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Review: The Spanish Boy

The Spanish Boy by C. S. Reardon

Edie Clarey is the main character of The Spanish Boy, yet for most of the novel she is not present. Not quite halfway through the novel she disappears and we wonder and speculate as to the reason until the end, when all but one of the characters closest to her are dead. Now we have a mystery, the makings of a romance and a historical novel all in one.

We begin in Halifax, Nova Scotia, in 1936, with the appearance in the sky of the astonishing airship, the Hindenberg, on its way to New Jersey. Three young friends have risen early, scrambled out of their beds, and run to a nearby park to witness the spectacle. Edie is the oldest at 18, her brother Mel and their friend Lawrie are 16. Lawrie is in love with Edie, has loved her all his life, and only waits to be 18 himself, when the difference in their ages won’t matter so much.

Edie is deeply loved and spoiled by her parents, as well as her two brothers—the older Gus, who is half-heartedly studying for the priesthood, and Mel, more like a twin brother, his bond with Edie is so close. (Another character is Theresa, the family’s expert housekeeper and terrible cook. Theresa’s history is a tragic one, her family having been lost and she being terribly disfigured, in the 1917 explosion that levelled much of the city and killed about 2000. Halifax is given affectionate treatment here.)

All this love seems inevitable, since Edie has all the physical characteristics of a typical romance novel heroine—not pretty but brimming with inner beauty, tall, lively, slim and possessing that most important appurtenance, long, curly, chestnut hair. The author’s description could have been copied from any number of Harlequin numbers and, for that reason, sadly disappointed me. But, maybe Reardon is being ironic? Hmmm.

Edie is given a job in her father’s paint and glass shop to keep her out of trouble. She is a sort of receptionist and file clerk and terribly bored. All the men there adore her and she respects them, all but the annoying accountant. Her interest is only piqued by the dark-eyed, curly-black-haired newcomer. He calls himself Michael Green to hide his real name, Micah Gessen, but is nick-named “the Spanish boy” by his fellow workers because of his dark appearance, unaware of his plans.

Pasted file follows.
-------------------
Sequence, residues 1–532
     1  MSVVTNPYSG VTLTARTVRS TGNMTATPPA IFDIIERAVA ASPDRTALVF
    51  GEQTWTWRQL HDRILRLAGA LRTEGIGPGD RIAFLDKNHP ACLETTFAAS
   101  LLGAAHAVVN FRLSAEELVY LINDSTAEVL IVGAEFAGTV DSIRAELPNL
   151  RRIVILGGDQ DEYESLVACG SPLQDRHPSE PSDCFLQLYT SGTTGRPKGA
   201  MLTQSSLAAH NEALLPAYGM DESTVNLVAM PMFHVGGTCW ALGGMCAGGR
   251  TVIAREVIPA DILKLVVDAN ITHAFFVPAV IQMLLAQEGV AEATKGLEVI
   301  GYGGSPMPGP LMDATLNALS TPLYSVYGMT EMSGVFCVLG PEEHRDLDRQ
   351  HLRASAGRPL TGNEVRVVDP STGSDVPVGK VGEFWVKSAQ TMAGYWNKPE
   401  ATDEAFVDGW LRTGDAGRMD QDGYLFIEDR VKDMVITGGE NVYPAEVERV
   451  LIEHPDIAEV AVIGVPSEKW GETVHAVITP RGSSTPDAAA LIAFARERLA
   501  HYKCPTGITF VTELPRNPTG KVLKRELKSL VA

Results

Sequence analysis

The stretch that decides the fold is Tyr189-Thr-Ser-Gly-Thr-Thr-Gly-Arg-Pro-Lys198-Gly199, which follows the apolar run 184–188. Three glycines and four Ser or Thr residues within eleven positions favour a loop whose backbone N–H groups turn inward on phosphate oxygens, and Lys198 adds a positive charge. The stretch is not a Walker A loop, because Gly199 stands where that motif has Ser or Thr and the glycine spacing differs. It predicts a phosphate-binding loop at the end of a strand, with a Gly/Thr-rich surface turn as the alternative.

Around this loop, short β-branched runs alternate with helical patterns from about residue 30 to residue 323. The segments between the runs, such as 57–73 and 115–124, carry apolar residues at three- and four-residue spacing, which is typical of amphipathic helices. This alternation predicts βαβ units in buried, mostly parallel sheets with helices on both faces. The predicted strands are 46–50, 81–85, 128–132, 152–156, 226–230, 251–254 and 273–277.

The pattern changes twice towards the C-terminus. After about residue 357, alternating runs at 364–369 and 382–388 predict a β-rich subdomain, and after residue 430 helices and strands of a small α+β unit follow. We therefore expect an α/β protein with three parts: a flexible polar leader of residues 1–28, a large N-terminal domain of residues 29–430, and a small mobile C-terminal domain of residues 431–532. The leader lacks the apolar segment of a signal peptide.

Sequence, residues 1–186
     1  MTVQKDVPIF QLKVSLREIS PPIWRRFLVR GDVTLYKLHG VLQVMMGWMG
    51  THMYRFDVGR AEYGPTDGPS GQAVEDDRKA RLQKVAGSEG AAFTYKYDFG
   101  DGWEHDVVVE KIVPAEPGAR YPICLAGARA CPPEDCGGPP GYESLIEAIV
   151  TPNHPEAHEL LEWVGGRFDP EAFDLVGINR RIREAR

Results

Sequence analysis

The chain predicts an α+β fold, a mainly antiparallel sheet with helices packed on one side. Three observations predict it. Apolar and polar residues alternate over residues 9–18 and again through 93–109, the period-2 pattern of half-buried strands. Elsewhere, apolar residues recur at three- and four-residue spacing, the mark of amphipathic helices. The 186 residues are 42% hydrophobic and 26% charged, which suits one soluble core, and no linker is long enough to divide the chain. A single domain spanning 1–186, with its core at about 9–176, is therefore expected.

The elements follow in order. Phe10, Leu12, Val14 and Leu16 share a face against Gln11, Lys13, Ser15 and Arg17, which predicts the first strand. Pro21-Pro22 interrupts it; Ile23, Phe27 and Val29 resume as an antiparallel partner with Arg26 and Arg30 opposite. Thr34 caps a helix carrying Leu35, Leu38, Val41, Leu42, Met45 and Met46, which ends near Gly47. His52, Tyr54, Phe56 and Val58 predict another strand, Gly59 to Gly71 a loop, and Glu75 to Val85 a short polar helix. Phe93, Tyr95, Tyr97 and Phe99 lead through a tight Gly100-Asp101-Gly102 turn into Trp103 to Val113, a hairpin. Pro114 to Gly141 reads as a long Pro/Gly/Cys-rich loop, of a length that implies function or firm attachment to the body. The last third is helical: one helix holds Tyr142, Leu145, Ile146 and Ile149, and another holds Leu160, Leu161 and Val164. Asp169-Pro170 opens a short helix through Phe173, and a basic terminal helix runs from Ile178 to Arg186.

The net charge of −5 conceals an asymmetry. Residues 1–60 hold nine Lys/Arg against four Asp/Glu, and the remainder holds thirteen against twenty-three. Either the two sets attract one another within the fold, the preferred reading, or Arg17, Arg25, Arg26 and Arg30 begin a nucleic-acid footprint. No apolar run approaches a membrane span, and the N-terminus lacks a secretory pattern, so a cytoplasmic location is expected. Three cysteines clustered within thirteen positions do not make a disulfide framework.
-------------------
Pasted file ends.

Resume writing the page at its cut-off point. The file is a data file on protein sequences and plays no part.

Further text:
Micah is a “red,” a communist from Toronto, trying to earn enough money to get on a ship to Spain to fight with the Republican rebels against the fascistic Nationalists. He takes advantage of Edie’s interest in him to talk to her about Marxism and Spain, gaining her sympathy so she will act as a helper and messenger. She hopes to impress him with her new-found selflessness and interest in communism. She is determined to go to Spain with him but he scorns her. She offers her bicycle as enticement—he’ll take the bike but not her. This where the reader will want her to stow away, join the Republicans and be a hero. Well, maybe she does—I’m not telling.

The Spanish Boy is a complex but satisfying and well told tale that manages to subvert a trite romance and make something much better—a novel of a happy family in hard times that suffers a strange, painful loss that leaves them to live on in a mystery.

An Introduction to Zombi Chic

The essay that I have given its own page began life about twelve years ago as an undergrad literary criticism exercise (A+). After neglecting it for all that time, I became inspired by the recent Jean Rhys Reading Week, in which I participated, to polish and enlarge it a bit. It is still a work in progress.

I suppose some people might think that with a title like that it must be a joke or written by a “Walking Dead” fan, which I am not. In fact, it’s a serious–if a bit fanciful–look at the author’s responsibility (if they have one) for the manipulation of their characters. The original purpose of the exercise was to say something about intertextuality but this question of an author’s “authority” seems much more interesting now.

I had been fascinated by Jean Rhys as person and writer for years before becoming a mature student  and grabbed the chance to express something about my complicated feelings about her and her work. I hope, if you are an admirer of Rhys—or perhaps, more importantly, if you are not—you will see the novels with a new appreciation.

Margaret Reardon, September 28, 2016

Is this image funny or uncannily like a scene from Rhys? Her woman as mannequin/zombi.

A Round Up of Reviews and Comments on Good Morning, Midnight

The range of opinions went from boredom to touching personal reflections. Good Morning, Midnight can be difficult to come to terms with, especially since Sasha Jansen seems, from the beginning, to be on an emotional downward slope.

Eric Anderson at http://lonesomereader.comhas a very good review of GMM.

He makes several cogent points on different facets of Sasha’s  self-identity with telling quotes:

it isn’t my face, this tortured and tormented mask. I can take it off whenever I like and hang it up on a nail. Or shall I place on it a tall hat with a green feather, hang a veil on the lot, and walk about the dark streets so merrily?”

And so we come to Sasha’s ‘wry’ ‘cruel’ sense of humour. Eric says there is a sense of ‘liberation’ in the sly mockery. It provides some relief to know that she has the ability to laugh through the sadness—at herself and her circumstances.

Continue reading “A Round Up of Reviews and Comments on Good Morning, Midnight”